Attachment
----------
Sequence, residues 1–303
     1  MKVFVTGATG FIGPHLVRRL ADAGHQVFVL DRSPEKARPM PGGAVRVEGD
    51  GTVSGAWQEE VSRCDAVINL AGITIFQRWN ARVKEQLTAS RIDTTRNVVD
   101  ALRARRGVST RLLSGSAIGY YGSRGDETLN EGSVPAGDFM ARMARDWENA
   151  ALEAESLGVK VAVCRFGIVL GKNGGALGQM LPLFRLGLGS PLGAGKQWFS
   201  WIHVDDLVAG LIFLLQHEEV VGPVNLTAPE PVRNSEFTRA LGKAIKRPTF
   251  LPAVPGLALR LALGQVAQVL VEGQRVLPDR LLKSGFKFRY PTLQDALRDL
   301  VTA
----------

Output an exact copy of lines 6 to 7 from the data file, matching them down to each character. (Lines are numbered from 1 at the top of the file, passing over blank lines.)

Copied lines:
   201  WIHVDDLVAG LIFLLQHEEV VGPVNLTAPE PVRNSEFTRA LGKAIKRPTF
   251  LPAVPGLALR LALGQVAQVL VEGQRVLPDR LLKSGFKFRY PTLQDALRDL